A class action lawsuit alleges that various cars and trucks manufactured by General Motors, LLC (“GM”) have defective transmissions that “slip, buck, kick, jerk and harshly engage, suffer abnormal internal wear, sudden acceleration, delay in downshifts, delayed acceleration, difficulty stopping the vehicle, and eventually require replacement of the transmission or its components.”
The class action lawsuit alleges the defect manifests within or shortly after the limited warranty period and can cause unsafe conditions, such as the vehicles suddenly lurching forward, losing forward propulsion, or significant acceleration delays.
The complaint alleges the following vehicles were equipped with defective GM Hydra-Matic 8L90 and 8L45 transmissions:
- 2015-2019 Chevrolet Silverado
- 2017-2019 Chevrolet Colorado
- 2015-2019 Chevrolet Corvette
- 2016-2019 Chevrolet Camaro
- 2015-2019 Cadillac Escalade and Escalade ESV
- 2016-2019 Cadillac ATS, ATS-V, CTS, CT6, and CTS-V
- 2015-2019 GMC Sierra, Yukon, Yukon XL, and Yukon Denali XL
- 2017-2019 GMC Canyon
The plaintiffs allege GM learned of the defect through avenues such as prior issues from its vehicles with similar problems, records from the National Highway Traffic Safety Administration, customer complaints on internet forums, its own records of complaints, dealership records, warranty and post-warranty claims, internal durability testing, Service Bulletins, and its Customer Satisfaction Program. For instance, the plaintiffs allege that from September 2014 to at least February 2019, GM issued at least 60 service bulletins and service bulletin updates to its United States dealers acknowledging issues with harsh shifting, shuddering, jerking, clunking, and delayed acceleration or deceleration relating to the 8L90 and 8L45 transmissions. They allege GM knew or should have known of the defect as early as September 2014, but has “actively concealed and failed to disclose this defect to Plaintiffs and Class Members at the time of purchase or lease and thereafter.”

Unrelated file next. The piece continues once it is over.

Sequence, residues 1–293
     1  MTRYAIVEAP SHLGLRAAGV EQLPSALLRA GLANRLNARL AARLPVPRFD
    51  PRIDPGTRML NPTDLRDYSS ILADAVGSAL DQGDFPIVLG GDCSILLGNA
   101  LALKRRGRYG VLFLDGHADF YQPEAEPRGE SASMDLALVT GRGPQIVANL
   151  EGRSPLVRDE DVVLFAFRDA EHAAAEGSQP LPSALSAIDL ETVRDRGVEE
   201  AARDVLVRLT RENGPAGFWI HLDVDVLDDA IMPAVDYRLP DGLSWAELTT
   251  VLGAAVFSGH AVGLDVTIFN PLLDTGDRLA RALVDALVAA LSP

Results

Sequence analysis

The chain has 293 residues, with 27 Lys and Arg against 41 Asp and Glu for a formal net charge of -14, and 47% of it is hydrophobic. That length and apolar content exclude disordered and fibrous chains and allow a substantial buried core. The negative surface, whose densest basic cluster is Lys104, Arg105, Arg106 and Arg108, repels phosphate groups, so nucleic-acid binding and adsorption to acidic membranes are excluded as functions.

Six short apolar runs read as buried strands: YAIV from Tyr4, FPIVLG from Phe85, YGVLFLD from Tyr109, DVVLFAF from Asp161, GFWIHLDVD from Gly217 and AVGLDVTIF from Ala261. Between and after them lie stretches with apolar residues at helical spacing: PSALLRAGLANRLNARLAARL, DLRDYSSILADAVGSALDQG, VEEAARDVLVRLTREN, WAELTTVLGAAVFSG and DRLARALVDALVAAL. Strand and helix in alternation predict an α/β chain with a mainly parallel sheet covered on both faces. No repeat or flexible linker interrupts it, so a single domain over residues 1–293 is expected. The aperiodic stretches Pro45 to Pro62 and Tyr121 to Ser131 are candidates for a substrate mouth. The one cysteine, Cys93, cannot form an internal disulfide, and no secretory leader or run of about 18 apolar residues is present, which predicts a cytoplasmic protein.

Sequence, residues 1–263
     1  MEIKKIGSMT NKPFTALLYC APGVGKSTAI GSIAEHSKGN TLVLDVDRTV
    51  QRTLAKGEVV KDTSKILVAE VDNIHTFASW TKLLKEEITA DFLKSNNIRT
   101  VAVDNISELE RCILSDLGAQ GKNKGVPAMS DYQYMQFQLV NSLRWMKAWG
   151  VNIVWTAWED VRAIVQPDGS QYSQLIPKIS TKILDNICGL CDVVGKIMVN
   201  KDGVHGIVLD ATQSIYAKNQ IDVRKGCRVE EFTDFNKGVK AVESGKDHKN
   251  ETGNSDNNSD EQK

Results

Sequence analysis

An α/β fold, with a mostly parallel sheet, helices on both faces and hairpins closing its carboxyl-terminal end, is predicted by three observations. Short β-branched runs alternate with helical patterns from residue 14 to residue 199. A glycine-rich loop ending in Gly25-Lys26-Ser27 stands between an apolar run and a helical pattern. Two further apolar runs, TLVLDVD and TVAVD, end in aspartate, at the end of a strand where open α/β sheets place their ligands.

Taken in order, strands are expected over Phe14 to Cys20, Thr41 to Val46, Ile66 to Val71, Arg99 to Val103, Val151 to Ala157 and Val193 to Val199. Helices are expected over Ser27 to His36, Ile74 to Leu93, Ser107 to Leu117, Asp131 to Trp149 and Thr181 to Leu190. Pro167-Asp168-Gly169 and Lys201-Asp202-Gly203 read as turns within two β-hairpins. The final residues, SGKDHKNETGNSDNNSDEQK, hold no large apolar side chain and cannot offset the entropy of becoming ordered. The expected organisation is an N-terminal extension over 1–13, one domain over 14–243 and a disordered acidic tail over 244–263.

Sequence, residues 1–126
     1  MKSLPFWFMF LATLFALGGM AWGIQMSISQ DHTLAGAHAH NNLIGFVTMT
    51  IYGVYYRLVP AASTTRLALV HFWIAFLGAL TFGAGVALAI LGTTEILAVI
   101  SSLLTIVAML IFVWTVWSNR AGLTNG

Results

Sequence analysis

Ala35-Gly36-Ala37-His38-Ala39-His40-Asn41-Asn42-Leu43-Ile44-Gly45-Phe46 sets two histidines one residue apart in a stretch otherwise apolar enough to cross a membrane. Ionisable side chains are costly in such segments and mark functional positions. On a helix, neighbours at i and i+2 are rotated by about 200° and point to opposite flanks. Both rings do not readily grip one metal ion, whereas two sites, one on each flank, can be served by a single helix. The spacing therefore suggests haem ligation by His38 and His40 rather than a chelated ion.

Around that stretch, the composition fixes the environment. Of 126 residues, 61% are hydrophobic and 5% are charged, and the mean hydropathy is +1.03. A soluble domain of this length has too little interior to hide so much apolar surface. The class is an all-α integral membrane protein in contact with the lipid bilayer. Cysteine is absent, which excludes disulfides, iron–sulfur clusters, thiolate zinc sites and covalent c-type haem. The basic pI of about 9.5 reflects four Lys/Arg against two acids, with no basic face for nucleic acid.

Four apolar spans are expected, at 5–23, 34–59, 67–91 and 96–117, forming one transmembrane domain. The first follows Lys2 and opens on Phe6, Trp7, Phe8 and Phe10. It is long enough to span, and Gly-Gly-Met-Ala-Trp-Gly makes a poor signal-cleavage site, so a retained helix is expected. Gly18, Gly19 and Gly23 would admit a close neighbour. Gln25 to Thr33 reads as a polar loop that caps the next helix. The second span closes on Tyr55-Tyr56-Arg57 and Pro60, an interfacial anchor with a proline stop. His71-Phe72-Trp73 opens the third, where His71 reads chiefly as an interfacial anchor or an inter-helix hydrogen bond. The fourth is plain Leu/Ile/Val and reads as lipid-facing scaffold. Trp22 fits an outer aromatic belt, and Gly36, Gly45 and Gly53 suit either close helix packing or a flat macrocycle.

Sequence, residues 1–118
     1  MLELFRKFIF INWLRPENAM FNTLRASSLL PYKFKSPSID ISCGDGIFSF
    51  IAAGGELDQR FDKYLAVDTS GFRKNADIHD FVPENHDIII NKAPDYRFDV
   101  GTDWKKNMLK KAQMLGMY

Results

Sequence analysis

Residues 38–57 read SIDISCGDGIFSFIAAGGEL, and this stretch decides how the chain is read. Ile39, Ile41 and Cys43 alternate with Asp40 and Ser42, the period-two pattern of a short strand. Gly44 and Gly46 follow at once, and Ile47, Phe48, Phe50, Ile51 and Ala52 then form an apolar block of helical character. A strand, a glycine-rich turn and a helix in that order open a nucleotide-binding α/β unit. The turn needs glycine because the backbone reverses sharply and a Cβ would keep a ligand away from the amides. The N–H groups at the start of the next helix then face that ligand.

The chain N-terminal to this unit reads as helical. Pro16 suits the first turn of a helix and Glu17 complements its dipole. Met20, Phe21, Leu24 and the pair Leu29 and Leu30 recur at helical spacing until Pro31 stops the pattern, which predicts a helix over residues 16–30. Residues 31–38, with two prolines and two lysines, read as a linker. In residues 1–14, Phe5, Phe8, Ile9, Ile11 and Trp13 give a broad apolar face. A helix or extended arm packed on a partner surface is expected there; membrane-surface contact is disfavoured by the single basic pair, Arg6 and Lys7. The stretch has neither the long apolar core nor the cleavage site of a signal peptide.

The complaint raises claims including breach of express and implied warranties, unjust enrichment, fraudulent omission, and violations of consumer laws. The remedies sought include corrective advertising, payment of damages, and disgorgement of profits or restitution.
The case is Francis, et al. v. General Motors, LLC, case number 2:19-cv-11044-DML-DRG, in the United States District Court for the Southern District of Michigan.